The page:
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  • Writer's pictureJonathan Gibbons

Coming Back to the Present

Whatever type of practice we’re doing, the main focus is always to keep the attention on the experience of the present moment. Once we’re able to experience this increased state of presence in our practice, we can then try to maintain the same focus in less controlled situations. When we’re walking around the city, sitting on the beach, or in conversation with friends, we can continue to make that small effort to be present.

Maintaining some conscious attention on the breath is useful in staying present when my mind is occupied by more complex tasks. Even though the majority of my attention might be on the ideas that I’m discussing with you, my awareness of my breathing is always there in the background. This background awareness keeps me anchored in the present moment.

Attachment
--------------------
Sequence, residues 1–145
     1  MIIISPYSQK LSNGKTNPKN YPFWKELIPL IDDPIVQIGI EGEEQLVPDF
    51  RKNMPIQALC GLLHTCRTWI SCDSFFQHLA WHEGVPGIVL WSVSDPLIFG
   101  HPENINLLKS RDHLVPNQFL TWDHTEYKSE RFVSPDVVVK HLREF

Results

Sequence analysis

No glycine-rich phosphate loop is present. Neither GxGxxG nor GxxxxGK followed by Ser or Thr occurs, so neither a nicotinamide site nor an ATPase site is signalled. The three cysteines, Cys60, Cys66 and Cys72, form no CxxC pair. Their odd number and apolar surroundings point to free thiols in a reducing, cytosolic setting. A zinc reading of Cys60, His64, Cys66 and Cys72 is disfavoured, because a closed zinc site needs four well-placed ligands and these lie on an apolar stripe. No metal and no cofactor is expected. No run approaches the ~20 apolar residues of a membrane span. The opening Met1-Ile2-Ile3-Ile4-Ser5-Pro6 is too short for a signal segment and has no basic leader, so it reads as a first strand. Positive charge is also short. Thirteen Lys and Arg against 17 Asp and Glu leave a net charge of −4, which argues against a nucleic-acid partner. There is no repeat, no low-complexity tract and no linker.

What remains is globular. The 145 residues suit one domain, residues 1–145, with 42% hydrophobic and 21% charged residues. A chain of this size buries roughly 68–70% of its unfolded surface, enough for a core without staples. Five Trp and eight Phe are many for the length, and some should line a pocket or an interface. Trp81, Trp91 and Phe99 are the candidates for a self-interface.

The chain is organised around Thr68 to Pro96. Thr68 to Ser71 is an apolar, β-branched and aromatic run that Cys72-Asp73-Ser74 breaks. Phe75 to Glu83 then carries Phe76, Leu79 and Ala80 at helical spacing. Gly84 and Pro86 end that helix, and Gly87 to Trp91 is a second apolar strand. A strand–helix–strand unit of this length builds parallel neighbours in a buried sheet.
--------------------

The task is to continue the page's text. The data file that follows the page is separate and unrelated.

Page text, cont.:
As we become more experienced in being “consciously conscious” in the midst of the activity of our lives, we should find that we can be present and focused even in fast-paced or stressful situations. In this way, we’re transforming the quality of our life experience. We’re going from being “absent” to being present.

If I’m at work and I seem to have a million things that need doing as soon as possible, a choice presents itself as to how I proceed. Do I do what I’ve always done before—doing each thing while thinking about all the things that I have to do after it? Lost in the future? Or do I do that one thing that I’m doing right now with a wholehearted focus on the present reality of my experience?

This doesn’t mean that I should work more slowly or neglect the other things that I need to do later. It just means that I do what I do with focus and attention, and, like this, I regain my life. Because being present with whatever we’re doing is key for the joy of existence to come into our life.

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